Paul writes about Christian unity in Romans 15:5-6, explaining that its aim is to glorify God: "Now may the God of patience and comfort grant you to be like-minded toward one another, according to Christ Jesus, that you may with one mind and one mouth glorify the God and Father of our Lord Jesus Christ." Peter also states that our service for God is ultimately to bring Him glory: "If anyone ministers, let him do it as with the ability which God supplies, that in all things God may be glorified through Jesus Christ, to whom belong the glory and the dominion forever and ever. Amen" (I Peter 4:11).
Thus, fellowship also means that we have been brought into partnership with our Savior and with each other to fulfill God's will and glorify Him.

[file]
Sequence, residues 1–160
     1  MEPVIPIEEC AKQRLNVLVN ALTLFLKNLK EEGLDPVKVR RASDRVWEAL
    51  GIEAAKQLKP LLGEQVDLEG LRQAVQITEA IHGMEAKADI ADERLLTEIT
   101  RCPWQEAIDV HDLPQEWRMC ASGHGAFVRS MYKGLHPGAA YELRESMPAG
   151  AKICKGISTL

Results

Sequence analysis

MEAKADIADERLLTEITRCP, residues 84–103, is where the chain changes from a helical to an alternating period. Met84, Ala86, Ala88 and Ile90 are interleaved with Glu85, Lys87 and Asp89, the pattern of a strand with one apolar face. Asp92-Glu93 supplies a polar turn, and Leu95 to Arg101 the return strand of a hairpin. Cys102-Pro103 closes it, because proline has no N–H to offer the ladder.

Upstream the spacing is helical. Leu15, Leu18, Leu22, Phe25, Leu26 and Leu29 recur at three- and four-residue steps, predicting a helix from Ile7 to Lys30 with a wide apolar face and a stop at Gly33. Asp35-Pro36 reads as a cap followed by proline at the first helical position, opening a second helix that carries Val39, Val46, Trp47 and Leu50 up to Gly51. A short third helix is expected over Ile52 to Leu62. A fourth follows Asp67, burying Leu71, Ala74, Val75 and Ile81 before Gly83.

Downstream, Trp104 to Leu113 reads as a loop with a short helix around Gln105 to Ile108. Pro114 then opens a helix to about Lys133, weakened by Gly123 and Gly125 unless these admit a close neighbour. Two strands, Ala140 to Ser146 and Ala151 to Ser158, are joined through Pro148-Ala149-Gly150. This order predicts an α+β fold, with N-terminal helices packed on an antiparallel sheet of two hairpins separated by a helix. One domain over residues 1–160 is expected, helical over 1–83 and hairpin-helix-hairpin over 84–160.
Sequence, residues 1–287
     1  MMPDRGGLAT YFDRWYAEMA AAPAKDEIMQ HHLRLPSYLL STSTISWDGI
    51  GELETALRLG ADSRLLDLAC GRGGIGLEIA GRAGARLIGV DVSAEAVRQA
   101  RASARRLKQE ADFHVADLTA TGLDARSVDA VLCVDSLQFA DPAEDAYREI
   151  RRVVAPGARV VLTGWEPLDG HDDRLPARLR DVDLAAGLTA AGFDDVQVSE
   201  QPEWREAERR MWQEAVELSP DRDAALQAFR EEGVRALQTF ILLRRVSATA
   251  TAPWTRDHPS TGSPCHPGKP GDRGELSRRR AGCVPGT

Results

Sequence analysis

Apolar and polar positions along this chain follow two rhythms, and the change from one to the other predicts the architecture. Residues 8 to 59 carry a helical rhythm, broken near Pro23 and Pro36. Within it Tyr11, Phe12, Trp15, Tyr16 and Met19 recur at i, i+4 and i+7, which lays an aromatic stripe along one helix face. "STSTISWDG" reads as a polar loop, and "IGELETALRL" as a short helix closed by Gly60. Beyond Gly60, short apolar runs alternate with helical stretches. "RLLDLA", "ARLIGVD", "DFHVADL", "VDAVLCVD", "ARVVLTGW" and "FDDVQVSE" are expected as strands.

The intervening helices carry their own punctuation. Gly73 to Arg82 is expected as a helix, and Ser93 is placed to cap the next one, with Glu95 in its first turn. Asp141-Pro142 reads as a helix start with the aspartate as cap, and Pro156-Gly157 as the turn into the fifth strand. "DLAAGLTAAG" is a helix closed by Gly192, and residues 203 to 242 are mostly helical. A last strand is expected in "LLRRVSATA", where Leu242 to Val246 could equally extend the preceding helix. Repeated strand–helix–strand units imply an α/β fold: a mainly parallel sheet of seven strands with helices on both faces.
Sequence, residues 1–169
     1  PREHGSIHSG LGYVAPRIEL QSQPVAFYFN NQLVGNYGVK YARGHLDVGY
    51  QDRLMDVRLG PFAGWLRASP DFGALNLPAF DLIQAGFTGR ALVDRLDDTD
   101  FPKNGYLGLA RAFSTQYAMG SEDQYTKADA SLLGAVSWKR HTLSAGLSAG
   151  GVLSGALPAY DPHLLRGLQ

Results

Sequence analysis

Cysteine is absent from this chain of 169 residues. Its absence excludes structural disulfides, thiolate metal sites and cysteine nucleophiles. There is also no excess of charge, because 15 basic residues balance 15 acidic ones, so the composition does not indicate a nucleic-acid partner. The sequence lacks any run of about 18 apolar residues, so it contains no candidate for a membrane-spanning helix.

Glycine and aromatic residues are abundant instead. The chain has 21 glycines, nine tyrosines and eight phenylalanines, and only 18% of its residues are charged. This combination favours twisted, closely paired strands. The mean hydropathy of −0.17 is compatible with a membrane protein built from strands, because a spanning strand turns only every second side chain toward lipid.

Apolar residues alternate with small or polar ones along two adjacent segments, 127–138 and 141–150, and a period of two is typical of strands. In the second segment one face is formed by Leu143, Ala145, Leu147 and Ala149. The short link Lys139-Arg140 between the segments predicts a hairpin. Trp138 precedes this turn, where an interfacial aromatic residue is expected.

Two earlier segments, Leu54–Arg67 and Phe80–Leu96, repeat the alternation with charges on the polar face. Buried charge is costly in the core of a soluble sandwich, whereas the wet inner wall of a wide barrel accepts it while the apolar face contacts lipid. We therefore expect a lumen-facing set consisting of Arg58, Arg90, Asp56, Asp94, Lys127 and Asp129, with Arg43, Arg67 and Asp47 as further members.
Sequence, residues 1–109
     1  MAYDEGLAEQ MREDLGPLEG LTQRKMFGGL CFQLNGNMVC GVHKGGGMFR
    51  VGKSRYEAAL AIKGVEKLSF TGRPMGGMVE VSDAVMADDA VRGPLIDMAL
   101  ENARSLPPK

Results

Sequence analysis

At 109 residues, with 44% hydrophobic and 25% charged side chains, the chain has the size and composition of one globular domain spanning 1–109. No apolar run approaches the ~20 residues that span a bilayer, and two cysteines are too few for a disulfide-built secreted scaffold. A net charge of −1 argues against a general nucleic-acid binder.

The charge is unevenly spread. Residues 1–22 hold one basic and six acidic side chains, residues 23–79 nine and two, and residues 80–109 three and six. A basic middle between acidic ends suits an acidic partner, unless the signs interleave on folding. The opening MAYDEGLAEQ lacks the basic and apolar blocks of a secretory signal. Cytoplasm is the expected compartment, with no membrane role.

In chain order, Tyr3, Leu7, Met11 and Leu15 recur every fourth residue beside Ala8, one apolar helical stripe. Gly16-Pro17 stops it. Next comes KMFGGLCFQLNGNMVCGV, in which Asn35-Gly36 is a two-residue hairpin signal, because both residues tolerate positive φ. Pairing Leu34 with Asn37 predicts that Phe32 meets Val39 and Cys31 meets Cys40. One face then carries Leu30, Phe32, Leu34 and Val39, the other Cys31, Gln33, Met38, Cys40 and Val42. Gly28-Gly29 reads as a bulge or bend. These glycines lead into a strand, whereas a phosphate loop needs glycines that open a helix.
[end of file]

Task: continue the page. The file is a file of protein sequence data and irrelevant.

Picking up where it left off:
To summarize what true Christian fellowship is, relationship describes what we are, a community of people bound together by our common life that we share through our union with Christ. Partnership describes how we interact within that relationship—we are partners in a calling and an enterprise in which we are to work harmoniously with a shared purpose to achieve mutual objectives to glorify God and to do the work of Jesus Christ.
While many today consider it to be of little importance, fellowship in the body of Christ is certainly no side issue. In Acts 2:42, as one of the four activities to which the early church devoted itself, it was listed alongside Bible study and prayer. God has called us and put us together as His Family to accomplish His purpose in us and ultimately in all of mankind. We should not forget that when we fellowship, we are sharing and working together toward a common goal, the Kingdom of God.